Mycestro turns your hand into a three-dimensional mouse. Making hand gestures – without touching a horizontal surface – moves the on-screen cursor. Waving your hand around as an input device might seem Harry Potter-esque, but for $150 your fantasy can become a reality.
Magic though they might seem, the concept isn’t new. Wearable mice go back about a decade, though these first models offered primitive features, requiring the user to position their hand directly over a flat surface, like a table, or desk. The first 3D wearable mouse was a complete glove. While these early hand-mice were lighter and more ergonomic than traditional mice, they weren’t easy to get ahold of and most amounted to vaporware.
The Mycestro distinguishes itself from the competition by offering the state-of-the-art Bluetooth 4.0 (Low Energy) along with support for gestures. Gestures grant the user control over the mouse cursor simply by motioning with their hand, without placing it on a surface. This gives the user total freedom on where they position their hand, providing superior ergonomics and minimal repetitive movements.
Gesture-based computing isn’t a new idea either. The first gesture-controlled remotes (what’s a gesture remote?) combined keyboards with mice. However, these were designed for media centers and their bulk prohibited use on a desktop. The Mycestro is designed for computers, tablets, and laptops – as a primary input device. But will it replace a mouse or is it just a novelty?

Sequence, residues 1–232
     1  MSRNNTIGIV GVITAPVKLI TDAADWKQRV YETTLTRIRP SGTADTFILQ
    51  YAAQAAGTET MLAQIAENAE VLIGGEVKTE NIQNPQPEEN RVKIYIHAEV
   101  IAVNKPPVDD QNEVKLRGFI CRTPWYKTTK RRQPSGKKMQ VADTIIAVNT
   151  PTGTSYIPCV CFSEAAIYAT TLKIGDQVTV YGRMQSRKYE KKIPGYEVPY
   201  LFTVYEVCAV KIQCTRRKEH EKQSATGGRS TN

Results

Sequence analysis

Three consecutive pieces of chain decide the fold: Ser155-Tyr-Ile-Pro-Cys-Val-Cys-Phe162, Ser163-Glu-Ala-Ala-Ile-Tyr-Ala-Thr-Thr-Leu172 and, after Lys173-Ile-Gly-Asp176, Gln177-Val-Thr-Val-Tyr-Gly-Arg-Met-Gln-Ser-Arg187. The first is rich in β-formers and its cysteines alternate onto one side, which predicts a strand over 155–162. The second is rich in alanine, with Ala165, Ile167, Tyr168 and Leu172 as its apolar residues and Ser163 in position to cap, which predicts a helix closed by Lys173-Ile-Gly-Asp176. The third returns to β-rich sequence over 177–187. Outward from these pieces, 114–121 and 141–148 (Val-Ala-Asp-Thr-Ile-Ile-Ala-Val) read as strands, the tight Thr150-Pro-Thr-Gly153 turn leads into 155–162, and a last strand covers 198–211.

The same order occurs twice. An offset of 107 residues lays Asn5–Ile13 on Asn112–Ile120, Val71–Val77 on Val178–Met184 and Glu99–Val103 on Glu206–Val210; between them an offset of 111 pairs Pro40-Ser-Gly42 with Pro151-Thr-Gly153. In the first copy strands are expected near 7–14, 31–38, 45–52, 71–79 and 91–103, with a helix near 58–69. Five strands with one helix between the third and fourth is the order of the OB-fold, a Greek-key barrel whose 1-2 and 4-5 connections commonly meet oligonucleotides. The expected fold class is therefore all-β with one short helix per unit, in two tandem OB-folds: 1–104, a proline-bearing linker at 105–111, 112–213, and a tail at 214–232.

What’s In the Box?
The Mycestro comes packed inside of a plain white box. Inside you’ll find an operating manual, a microUSB charging cable, a Bluetooth pairing dongle, and the Mycestro itself.
Aesthetics and Build Quality
The Mycestro is built from two kinds of materials: silicone rubber and white, glossy plastic. The rubber portion covers the adjustable finger strap, the top of the mouse, and the interior lining, which comes in contact with your index finger. The white plastic covers the rest of the device. Overall, it’s a very comfortable, natural experience — even after extended periods of use. You will feel dampness from perspiration accumulating along your finger, but not enough to induce a rash.
On the side facing the user, three symmetrical buttons hang within thumb-reach. Each button corresponds with the traditional left, middle, and right buttons on a mouse. The adjustable rubber finger strap wraps around the user’s finger, anchoring the Mycestro in place. This mechanism works well. The Mycestro does not slip around on the finger and the strap does not flex while being worn.
Whenever the Mycestro requires recharging, a Blue light begins flashing, just above the scroll pad.
The Mycestro doesn’t feel poorly designed, but nor does it feel durable. It falls somewhere between flimsy and solid. This mostly owes in part to the use of light, glossy plastic. It’s so lightweight, its heft barely registered. Often I would forget the device was even on my finger.
Configuring the Mycestro